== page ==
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No Weed Smoking in Hotels on January 1st

Visitors planning to get high in Chicago on January 1 may be left with nowhere to do so as hotels stick with their no-smoking policies.

The Illinois General Assembly passed on May 31, 2019, a bill to legalize the recreational use and sale of marijuana for adults. It was the 11th state to legalize the drug and the bill comes into place on New Year’s Day, 2020.

While state law allows for Illinois hotels to designate a quarter of their rooms to smokers, only a small portion actually does.

Speaking to the Chicago Sun-Times, Michael Jacobson, president, and CEO of the Illinois Hotel and Lodging Association, said hotels in the state had been embracing legalization, though he wouldn’t name examples.

He added that those in the hospitality industry would have to weigh out “whether or not the broader tourism industry as a whole leverages the legality of recreational marijuana as a marketing tool to attract new visitors to Illinois.”

Jacobson said the association is looking towards its “Colorado counterparts” to see how the industry is getting on in a state that has already legalized cannabis.

Despite the legalization, a large number of major hotels will still hold weed-smoking bans by the time the new year comes around.

Hyatt Hotels has prohibited the use of pot across all of its 10 locations in and around the downtown area. Although founded by an uncle of Gov. J.B. Pritzer who brought the legalization of cannabis into effect this year, the chain intends to remain smoke-free.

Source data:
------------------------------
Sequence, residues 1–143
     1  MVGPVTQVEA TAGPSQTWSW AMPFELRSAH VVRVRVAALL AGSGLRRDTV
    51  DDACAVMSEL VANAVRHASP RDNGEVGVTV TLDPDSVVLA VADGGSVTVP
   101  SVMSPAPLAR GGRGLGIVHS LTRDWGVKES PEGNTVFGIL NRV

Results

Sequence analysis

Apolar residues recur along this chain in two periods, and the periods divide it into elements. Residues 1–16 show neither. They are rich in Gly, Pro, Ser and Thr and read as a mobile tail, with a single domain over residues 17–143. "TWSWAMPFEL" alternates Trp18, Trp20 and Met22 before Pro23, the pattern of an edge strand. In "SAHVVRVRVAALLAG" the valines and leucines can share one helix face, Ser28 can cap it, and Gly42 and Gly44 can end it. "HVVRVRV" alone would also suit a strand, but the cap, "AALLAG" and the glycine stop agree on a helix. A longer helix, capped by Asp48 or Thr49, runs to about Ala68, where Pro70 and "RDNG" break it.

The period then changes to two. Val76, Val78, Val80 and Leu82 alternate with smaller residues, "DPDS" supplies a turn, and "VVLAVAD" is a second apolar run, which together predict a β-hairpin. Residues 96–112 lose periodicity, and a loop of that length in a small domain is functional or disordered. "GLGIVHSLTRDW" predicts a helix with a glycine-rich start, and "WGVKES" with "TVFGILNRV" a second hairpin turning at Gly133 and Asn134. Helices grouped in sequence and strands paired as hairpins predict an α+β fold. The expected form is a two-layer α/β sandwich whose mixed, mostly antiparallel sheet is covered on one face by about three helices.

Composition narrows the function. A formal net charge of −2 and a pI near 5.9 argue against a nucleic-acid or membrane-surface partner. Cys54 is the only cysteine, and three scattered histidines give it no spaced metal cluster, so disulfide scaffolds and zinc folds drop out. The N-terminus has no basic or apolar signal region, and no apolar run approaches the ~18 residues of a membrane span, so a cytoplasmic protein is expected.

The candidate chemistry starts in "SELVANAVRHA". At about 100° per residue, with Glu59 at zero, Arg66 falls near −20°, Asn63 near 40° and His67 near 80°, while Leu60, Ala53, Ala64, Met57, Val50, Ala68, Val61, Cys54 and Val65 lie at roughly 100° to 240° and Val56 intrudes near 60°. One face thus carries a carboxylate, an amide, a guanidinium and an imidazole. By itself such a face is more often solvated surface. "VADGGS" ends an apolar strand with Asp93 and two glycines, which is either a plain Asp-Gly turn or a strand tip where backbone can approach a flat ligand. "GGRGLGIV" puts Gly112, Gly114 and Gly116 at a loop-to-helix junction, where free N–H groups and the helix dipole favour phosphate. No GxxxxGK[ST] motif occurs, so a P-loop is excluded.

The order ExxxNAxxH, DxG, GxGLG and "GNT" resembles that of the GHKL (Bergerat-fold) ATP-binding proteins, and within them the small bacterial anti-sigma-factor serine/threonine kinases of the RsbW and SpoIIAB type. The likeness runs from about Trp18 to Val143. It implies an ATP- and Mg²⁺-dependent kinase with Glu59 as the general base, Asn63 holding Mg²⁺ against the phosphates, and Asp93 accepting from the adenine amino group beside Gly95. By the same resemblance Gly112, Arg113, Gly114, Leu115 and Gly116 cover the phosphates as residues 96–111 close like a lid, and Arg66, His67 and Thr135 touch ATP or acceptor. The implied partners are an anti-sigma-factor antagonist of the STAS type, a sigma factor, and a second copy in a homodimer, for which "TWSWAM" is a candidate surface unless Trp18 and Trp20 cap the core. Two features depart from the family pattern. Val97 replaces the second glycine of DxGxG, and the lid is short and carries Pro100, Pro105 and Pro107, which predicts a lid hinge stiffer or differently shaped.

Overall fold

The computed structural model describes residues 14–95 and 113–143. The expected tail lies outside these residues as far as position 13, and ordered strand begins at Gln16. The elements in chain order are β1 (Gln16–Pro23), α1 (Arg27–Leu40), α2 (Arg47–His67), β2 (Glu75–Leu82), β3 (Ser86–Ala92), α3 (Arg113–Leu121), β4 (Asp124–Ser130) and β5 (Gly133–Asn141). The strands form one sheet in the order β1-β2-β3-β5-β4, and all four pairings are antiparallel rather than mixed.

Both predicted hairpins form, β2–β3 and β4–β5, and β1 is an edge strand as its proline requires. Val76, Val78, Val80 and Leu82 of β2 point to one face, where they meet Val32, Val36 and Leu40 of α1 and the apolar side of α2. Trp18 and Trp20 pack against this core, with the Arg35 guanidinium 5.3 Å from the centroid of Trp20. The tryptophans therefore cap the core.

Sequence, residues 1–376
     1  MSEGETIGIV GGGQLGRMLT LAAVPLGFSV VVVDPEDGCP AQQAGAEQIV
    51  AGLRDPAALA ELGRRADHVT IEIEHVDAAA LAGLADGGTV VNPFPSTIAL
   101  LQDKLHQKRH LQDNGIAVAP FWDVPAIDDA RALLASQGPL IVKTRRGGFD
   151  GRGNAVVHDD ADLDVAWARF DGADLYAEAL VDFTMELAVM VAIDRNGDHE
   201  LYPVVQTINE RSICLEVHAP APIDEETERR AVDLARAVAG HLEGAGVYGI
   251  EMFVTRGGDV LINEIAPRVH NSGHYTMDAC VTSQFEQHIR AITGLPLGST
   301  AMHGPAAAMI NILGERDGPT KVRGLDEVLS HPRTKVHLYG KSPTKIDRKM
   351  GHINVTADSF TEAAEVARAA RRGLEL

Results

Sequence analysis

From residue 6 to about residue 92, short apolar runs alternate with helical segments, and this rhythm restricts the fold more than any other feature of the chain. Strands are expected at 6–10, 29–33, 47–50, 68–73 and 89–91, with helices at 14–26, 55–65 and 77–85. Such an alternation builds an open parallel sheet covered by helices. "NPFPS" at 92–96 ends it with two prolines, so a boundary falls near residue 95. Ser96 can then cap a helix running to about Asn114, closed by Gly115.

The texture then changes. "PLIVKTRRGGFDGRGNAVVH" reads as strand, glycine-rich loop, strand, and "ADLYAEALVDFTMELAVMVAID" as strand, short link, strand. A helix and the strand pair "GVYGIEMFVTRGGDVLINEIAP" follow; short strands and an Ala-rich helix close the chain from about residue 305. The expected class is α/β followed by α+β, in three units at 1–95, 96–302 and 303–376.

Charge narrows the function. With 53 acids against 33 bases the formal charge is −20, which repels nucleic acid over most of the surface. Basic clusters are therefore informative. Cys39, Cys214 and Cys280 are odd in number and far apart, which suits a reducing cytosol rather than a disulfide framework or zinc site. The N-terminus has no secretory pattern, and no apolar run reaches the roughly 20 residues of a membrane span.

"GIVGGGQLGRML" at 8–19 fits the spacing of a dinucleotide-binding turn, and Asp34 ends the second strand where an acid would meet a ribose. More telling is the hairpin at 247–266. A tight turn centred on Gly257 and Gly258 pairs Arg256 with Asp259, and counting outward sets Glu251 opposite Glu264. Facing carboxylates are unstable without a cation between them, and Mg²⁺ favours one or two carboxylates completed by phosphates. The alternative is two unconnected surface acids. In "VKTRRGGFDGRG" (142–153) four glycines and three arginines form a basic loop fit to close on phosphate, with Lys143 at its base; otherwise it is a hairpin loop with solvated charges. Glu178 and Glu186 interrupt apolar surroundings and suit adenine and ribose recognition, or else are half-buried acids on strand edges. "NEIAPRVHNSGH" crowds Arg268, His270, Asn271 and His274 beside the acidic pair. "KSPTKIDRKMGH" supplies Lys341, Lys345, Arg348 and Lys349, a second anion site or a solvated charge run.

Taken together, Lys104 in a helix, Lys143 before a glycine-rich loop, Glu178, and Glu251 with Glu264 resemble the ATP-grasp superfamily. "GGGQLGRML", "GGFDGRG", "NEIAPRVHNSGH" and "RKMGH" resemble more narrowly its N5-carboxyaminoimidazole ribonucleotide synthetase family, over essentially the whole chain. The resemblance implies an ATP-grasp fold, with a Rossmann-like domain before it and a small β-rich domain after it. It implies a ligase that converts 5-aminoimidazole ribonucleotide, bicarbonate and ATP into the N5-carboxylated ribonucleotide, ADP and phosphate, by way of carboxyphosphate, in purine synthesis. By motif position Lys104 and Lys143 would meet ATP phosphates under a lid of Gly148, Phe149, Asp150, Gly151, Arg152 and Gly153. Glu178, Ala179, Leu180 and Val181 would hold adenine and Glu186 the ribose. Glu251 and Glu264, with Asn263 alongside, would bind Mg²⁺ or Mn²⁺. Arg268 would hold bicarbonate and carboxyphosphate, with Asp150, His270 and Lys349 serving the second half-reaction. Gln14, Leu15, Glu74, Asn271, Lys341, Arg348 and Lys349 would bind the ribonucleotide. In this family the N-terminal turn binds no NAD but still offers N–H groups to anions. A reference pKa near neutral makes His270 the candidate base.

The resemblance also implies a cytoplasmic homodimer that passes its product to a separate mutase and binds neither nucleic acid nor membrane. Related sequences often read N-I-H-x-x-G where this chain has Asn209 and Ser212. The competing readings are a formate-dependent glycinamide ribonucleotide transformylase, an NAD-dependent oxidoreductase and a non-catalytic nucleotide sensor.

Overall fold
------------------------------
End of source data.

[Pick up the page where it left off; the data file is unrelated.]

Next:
A spokesperson for the company said its non-smoking policy covers the use of marijuana, vapes, and tobacco products. It was noted, however, that designated smoking areas will be found outside of some hotels. Smoking on balconies of hotel rooms remains prohibited.

Hilton Hotels and Resorts has also confirmed that its smoke-free policy extends to both recreational and medicinal pot use. The company owns 25 hotels in and around the downtown area.

Marriott International’s 25 hotels in Chicago add to the list, as well as nine from InterContinental Hospitality Group and Sofitel Chicago.

While Airbnb guests are required to follow house rules on properties hired, the company itself has no explicit policy on marijuana use. Guests who flout the no-smoking rules of individual properties could have cash drawn from their deposit to compensate for damages.

All isn’t lost for those who are looking to smoke a little on New Year’s, they just may have to look a little harder. Bud and Breakfast, a hotel and guesthouse booking site, lists a collection of marijuana-friendly stays – although holidaymakers may need to change their destination as there are currently no listings in Chicago.

Lawmakers in Springfield have already passed a followup bill to make it clear that the use of pot in bars and restaurants remains illegal- and it’s clear that others may follow suit, leaving it more difficult to become a pot tourist.

Chicago’s public housing has also banned the use of pot in its residencies, stating that it has to follow federal law to continue to receive funding. Residents caught using or in possession of marijuana could lose their assistance from the Chicago Housing Authority.

Cannabis will be, however, dispensed in some shops which are expected to start selling on January 1, making it easier than ever to get ahold of weed. Initially, tourists will have to visit the closest dispensary to buy products legally.

Under the new law, Chicago residents will be allowed to purchase 30 grams of marijuana products totaling no more than 500mg of THC, while non-residents will be allowed 15 grams.

 

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